Cognitive development is the development of knowledge, skills, and problem solving. This influences how children think and figure things out. Brain development, including executive functioning, is a part of cognitive development as well. Preschoolers very literal in their way of thinking, but also are becoming better at pretend play, which is why they are able to learn so well through play.


  • Remembers parts of a story
  • Names familiar colors
  • Better understands time (morning, afternoon, night)
  • Understands the concept of “two”
  • Thinks about things in very concrete terms
  • Struggles to see things from others’ perspectives
  • Begins to think symbolically


Cognitive development is so important to your child’s overall development, which is why it is essential that you support that development through play.


Although it is important to keep board games that you play with your preschooler simple, they are very beneficial to their cognitive development. Board games give children a chance to make choices, practice counting, and practice skills such as matching.


Building towers with your preschooler is a great opportunity to practice skills such as counting, one-to-one correspondence, and predicting cause and effect. One way that you can do this is by making building with your preschooler even more fun by making it a game. Take turns rolling a dice and adding the number of blocks that the dice shows. Continue this until the towers are too tall and one falls.


Reading to young children is a great way to foster development in all developmental domains. Not only do preschoolers observe essential speech and language skills being modeled when being read to, but they are also exposed to knowledge about how the world works. Listening to stories helps children see things from different perspectives and see how others solve problems. Below are 5 books we recommended. 

1. Hair Love by Matthew A. Cherry and Illustrated by Vashti Harrison

It can be tough to find a father-daughter tale. In this book, a tie-in to Academy-Award Winning Short Film “Hair Love,” a girl named Zuri describes all the different ways her hair can look. Then her Daddy offers to work through some trial and error to give her yet another hairstyle she’ll love. It’s a message about self-confidence and loving the hair that you’re born with.

2. Just One Flake by Travis Jonker

This new story also made our 2023 best-of list. “This book celebrates the uniqueness in all of us,” said our judge Jenna Bush Hager. “My youngest, Hal, laughed out loud.” The boy, Liam, comes up with inventive ways to try and get snow on his tongue, a lesson in creativity. In the end, he gets more snow than he bargained for!

3. There Is a Bird On Your Head! by Mo Willems

Does your 4-year-old show interest in sounding out words? They might be able to pick out a few in any of the 25 simple — and simply hilarious — Elephant and Piggie books. Author and illustrator Mo Williams uses the most basic of language and repeats words to tell stories of happy Piggie and grumpy, worried Elephant. Show your preschooler the word “bird,” for instance. This one won the 2008 Theodor Seuss Geisel Award, named for Dr. Seuss, an award that goes to the year’s most distinguished book for early readers.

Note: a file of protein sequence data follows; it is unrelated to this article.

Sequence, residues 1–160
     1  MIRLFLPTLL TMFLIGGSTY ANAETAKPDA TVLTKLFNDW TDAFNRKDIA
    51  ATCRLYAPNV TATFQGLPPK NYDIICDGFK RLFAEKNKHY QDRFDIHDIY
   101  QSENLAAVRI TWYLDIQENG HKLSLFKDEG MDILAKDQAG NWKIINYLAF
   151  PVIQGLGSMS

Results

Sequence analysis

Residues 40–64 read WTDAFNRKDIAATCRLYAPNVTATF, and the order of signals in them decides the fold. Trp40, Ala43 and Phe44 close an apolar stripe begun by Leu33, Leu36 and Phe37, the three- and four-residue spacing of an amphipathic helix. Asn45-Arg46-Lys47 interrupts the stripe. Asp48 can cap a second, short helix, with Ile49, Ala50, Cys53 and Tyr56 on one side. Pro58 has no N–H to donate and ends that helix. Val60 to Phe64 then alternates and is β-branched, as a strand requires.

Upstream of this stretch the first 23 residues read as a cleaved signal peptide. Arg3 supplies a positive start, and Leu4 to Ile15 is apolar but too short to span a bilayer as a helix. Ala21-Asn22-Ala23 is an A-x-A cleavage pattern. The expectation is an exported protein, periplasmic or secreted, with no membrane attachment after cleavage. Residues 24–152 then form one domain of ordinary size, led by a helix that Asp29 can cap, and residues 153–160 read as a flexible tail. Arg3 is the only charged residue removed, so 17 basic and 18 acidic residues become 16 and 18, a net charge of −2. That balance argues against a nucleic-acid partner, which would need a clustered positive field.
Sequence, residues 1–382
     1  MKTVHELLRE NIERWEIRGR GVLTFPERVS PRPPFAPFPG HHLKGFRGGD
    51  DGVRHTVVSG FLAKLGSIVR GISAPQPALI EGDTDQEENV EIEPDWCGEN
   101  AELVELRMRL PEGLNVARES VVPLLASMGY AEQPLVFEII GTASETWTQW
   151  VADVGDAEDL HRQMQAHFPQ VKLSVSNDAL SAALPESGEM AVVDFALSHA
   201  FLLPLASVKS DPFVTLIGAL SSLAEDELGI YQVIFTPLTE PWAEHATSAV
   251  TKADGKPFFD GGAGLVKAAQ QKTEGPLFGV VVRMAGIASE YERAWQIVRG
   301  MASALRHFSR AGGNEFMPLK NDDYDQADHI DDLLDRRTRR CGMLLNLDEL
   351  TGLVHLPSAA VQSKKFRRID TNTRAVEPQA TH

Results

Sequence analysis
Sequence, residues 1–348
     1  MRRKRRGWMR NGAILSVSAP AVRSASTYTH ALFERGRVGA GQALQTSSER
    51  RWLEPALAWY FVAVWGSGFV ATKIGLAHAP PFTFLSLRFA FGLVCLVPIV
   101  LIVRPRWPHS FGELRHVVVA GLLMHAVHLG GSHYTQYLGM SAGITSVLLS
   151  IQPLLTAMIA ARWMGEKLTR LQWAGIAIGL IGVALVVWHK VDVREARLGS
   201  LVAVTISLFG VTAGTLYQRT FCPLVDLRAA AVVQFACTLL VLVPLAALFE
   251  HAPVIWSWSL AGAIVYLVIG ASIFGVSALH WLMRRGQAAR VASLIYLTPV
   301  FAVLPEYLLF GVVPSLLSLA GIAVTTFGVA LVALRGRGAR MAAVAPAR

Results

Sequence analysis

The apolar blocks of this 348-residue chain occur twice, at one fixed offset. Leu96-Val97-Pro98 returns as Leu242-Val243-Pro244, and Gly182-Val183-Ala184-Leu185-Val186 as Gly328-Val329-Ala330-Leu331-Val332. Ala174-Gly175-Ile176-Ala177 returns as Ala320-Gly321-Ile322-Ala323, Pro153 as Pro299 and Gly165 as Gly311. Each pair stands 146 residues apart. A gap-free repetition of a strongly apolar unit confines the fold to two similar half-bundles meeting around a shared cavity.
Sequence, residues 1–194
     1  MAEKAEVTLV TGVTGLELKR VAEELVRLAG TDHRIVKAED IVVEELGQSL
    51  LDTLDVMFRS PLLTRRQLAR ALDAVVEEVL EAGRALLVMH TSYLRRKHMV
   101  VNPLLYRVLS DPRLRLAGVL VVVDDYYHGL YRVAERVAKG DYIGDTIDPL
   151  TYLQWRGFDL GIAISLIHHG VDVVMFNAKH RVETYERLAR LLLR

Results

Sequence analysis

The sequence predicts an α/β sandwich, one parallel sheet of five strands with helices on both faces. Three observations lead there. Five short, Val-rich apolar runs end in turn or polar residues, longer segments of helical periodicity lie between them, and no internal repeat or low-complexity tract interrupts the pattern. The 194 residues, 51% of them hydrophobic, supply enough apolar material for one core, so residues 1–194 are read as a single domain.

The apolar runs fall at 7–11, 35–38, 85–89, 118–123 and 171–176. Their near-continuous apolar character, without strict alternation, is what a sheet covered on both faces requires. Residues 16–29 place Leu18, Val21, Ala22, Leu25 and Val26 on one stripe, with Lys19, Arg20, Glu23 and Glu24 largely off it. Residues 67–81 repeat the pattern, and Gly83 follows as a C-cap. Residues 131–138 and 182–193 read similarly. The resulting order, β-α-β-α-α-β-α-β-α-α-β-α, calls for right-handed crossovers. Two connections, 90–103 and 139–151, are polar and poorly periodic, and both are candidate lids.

4. The Pout-Pout Fish by Deborah Diesen and Illustrated by Dan Hanna

Expressive, shimmery fish rule this fun read-aloud picture book that ultimately helps 4-year-olds deal with their big feelings. “The Pout-Pout Fish offers a creative way of teaching kids about emotions and how to turn ‘dreary-wearies’ into ‘cheery-cheeries,'” says one mom of a 4-year-old, echoing others who enjoy this read. “My son loves pointing out all the different sea creatures — squid, jellyfish, octopus, clam. He especially gets a kick out of Pout-Pout Fish’s catchphrase, ‘blub, bluub, bluuuuub,’ and insists I say it with an exaggerated ‘pout-pout’ frown. Admittedly, the rhyming and alliteration can get kind of tongue-twisty to read but that’s all part of the fun.”

5. We’re Going On A Bear Hunt by Michael Rosen and Helen Oxenbury

If you don’t yet have this classic in your library, get it while your 4-year-old is still young enough to love the delicious anticipation of finding and escaping from the bear. It also introduces sequence: Readers follow the family swishy-swashying through grass and splash-sploshing through water on their way to a cave, then going in reverse order on their way out.


At the stage of development where their pretend play is just starting to blossom. They love to have tea parties and play house. Most of their pretend play is based on their own real life experiences, which gives them a chance to practice problem solving and critical thinking skills in their play before putting them to real use.

You can help your child meet their cognitive development milestones by providing them with meaningful play experiences both independently and with their peers. Children learn best through play, and also through hands-on experiences with the world around them to learn how things work and how to problem solve.